On October 23, I officially presented my third official report on the situation of human rights in Iran to the United Nations General Assembly’s Third Committee. Let me first begin by noting an important difference this year compared to last. I am encouraged by the meetings I have had both in Geneva and in New York recently with the Iranian government. This is an important step in fulfilling the mandate given to me by member States of the Human Rights Council. I look forward to continuing this dialogue with government representatives and eventually to be invited into Iran to conduct my UN-mandated work. I am also encouraged by recent steps such as the release of several prisoners of conscience.
These positive signals of change are undoubtedly welcome. However, much remains to be done. As my report shows, there continue to be significant human rights challenges in Iran and widespread human rights violations. Specifically, my research reveals details about: executions, arbitrary detentions, prison conditions, religious freedom, minority rights and women’s rights. You can read the full report to learn more.
During the General Assembly interactive dialogue several member states asked me to state whether President Rouhani’s government has made progress on the human rights front. What I told them is that the Rouahni administration will need more time to produce measurable and sustainable reforms. Many of Iran’s human rights violation are deeply rooted in law and state practice.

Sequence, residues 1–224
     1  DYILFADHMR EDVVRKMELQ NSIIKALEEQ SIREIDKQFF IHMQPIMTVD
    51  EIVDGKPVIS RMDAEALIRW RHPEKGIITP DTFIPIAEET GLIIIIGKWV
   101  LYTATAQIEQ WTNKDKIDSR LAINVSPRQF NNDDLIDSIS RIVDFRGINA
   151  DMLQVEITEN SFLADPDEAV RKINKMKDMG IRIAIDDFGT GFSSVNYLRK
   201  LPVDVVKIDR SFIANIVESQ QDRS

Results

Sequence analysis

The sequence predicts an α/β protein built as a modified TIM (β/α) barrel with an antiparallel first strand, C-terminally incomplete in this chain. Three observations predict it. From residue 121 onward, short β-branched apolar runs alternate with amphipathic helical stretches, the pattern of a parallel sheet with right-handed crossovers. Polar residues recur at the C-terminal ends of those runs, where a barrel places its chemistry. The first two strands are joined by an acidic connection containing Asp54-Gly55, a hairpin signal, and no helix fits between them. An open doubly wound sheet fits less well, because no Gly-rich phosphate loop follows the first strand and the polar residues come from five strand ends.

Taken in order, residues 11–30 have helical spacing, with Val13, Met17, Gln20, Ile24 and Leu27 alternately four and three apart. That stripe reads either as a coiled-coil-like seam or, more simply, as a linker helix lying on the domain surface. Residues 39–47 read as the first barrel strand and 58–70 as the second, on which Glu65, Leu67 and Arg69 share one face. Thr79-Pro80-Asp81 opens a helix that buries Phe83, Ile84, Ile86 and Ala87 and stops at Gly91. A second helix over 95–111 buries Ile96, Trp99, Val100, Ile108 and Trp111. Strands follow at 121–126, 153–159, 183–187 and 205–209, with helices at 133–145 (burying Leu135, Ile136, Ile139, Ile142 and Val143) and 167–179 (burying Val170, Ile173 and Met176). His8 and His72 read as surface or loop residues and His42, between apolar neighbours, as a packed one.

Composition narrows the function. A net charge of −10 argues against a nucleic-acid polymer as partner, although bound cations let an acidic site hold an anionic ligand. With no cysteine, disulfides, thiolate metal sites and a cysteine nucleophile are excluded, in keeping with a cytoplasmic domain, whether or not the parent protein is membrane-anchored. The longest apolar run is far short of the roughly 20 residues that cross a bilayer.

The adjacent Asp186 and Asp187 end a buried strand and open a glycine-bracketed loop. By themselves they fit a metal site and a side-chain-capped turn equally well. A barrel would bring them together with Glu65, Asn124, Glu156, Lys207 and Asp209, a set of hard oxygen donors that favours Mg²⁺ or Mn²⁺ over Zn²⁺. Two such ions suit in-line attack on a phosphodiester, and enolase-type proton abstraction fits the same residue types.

In all of this, the international community has a vital role to play. Dialogue and cooperation with Iran must have human rights as a central component. All of us have a responsibility to support steps to strengthen human rights promotion and protection in the country.
On October 24, I held a press conference to further discuss my findings with the UN press core. During this press conference, I underscored that although I remain encouraged by positive signals and recent statements by President Rouhani, the situation on the ground is still a concern and there is a clear demand for concrete and tangible change among the Iranian people. I also restated my concern that sanctions on Iran are a factor that likely contributes to a deterioration of economic and social rights. For a full account, you can watch the entire press conference on my website.
The role of my mandate is to assess, encourage and assist Iran with efforts to improve its human rights situation and address compliance with its international obligations. With this in mind, I continue to call for human rights considerations to be a central part of the new government’s legislative and policy agenda.